'Lawyer' accused of fraud plays 'hide-and-seek' with the law
For years‚ purported bogus lawyer Brenda Wardle regaled television viewers with eloquent legal analysis.
She provided marathon analysis on the SABC during the murder trial of Paralympian Oscar Pistorius. But this month she failed to convince the high court to compel prison authorities to allow her access to the internet in her cell – “day and night”.
Her bid for freedom also failed. Wardle‚ who is incarcerated at the Port Elizabeth Correctional Centre‚ is facing fraud charges in the Port Elizabeth Commercial Crimes Court for allegedly milking an Eastern Cape dairy farmer‚ who was jailed for murder‚ out of more than R500,000.
According to the prosecution‚ Wardle pretended to be a lawyer and promised to assist Stephanus van Aardt with an application for his early release on parole between 2009 and 2013. In doing so‚ she pocketed R538‚766. At the time‚ the Somerset East farmer was not eligible to have his 12-year prison sentence converted to parole.
Van Aardt was convicted in 2007 of murdering 15-year-old Eliot Magabane whom he hit with a spade. The boy had six broken ribs and brain injuries.
Wardle was charged with fraud in 2014 but skipped bail and was arrested in East London more than a year later. She has insisted on representing herself in her wrangles with the law.
She sued the minister of justice and correctional services‚ and senior officials in the department‚ last month at the High Court in Port Elizabeth. She wanted the court to compel them to allow her to use a laptop and an internet modem in her cell to prepare her defence and to register for online studies. The department opposed the application and said that Wardle’s “entitlement to the internet modem was limited to its use only under… supervision and in a designated area”.
“The [department’s] acquiescence in permitting [Wardle] the use of her laptop in her cell is an indulgence not accorded to other inmates and granted‚ no doubt‚ as salutary gesture‚” said Judge Dayalin Chetty.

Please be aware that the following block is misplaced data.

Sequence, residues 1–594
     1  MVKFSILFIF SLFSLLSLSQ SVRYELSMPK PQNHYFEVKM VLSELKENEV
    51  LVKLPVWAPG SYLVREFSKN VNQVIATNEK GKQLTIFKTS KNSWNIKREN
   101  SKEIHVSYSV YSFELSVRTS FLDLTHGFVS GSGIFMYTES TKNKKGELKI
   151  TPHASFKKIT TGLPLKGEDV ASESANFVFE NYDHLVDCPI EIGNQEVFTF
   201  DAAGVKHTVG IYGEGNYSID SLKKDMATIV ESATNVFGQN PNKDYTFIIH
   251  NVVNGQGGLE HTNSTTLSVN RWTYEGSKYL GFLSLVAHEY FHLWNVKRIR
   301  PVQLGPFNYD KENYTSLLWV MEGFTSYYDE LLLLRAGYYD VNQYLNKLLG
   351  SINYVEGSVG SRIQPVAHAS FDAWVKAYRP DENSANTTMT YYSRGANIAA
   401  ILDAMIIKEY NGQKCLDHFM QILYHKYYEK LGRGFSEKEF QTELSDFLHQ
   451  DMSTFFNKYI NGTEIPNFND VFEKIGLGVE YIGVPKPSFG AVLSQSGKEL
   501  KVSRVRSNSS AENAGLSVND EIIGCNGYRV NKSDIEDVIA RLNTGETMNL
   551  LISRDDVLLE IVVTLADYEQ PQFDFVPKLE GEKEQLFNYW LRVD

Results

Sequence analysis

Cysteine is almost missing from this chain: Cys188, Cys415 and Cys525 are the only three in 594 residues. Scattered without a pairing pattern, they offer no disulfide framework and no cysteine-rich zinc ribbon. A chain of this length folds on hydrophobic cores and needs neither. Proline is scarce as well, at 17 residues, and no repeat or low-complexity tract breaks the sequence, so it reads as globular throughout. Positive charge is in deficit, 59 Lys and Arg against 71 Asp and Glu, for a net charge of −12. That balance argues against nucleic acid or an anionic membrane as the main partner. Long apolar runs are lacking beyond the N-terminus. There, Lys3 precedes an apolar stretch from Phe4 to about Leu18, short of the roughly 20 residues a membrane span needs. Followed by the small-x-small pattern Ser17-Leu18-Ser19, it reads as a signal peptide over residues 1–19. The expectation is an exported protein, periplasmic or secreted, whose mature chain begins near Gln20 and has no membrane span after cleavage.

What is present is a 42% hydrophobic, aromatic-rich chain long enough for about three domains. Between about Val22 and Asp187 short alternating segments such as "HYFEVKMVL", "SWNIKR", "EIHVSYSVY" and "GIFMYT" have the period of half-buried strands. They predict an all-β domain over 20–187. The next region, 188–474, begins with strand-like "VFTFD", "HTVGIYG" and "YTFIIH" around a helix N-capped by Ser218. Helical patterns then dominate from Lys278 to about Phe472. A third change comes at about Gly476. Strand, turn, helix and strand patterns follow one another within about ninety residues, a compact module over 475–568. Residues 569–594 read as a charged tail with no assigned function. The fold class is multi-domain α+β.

“The modem can be accessed and used throughout the course of the day and there is no plausible explanation tendered by [Wardle] why such use will impact deleteriously upon her trial preparation. An inmate’s usage of a laptop and modem within the confines of a prison falls within the competence of the Department of Correctional Services and I am unpersuaded that the restrictions imposed … are unreasonable. The application is dismissed.”
Seven days later‚ Judge Glen Goosen‚ in the same court‚ denied her bail.
Her history of evading court appearances put paid to her bid for freedom.
According to the judgment‚ Wardle “holds both a bachelor and master of laws degree and that she is presently engaged in doctoral studies. She has styled herself as a legal analyst. Thus‚ although she has represented herself as a lay person‚ she is anything but a lay person without knowledge of law and legal procedure.”
The 10-page judgment shows how Wardle played hide-and-seek with the courts:
• On May 12‚ 2014‚ she was formally charged and released on R3 000 bail. The trial was set to commence on April 20‚ 2015. She failed to appear in court and a warrant was issued for her arrest.
• April 28‚ 2015‚ she presented a medical certificate in court and the warrant was cancelled.
• On June 19‚ 2015‚ she failed to appear in court and a warrant for her arrest was issued but stayed until July 3‚ 2015.
• She forfeited her bail on July 17‚ 2015.
• On July 28‚ 2015‚ she represented herself in court and provided a medical certificate explaining her previous absence. She was released the her on warning. The case was postponed so she could appoint a lawyer; and
• On March 29‚ 2016‚ she absconded and “advised the investigating officer that she was ill due to high blood pressure”. Another warrant of arrest was issued. She was arrested in East London 15 months later and has been denied bail since then.
“The magistrate’s finding that there is a likelihood that the appellant would seek to evade trial should she be admitted to bail cannot‚ in my view‚ be faulted‚” said Goosen.
“The finding was based on a careful appraisal of the history of the matter; that she had on numerous occasions failed to appear at trial; that she had previously failed to comply with her bail conditions and had forfeited bail moneys to the state in respect of matters before the courts in Port Elizabeth and in Gauteng. It was on the strength of this finding that the magistrate concluded that the appellant had failed to discharge the onus which rested upon her.”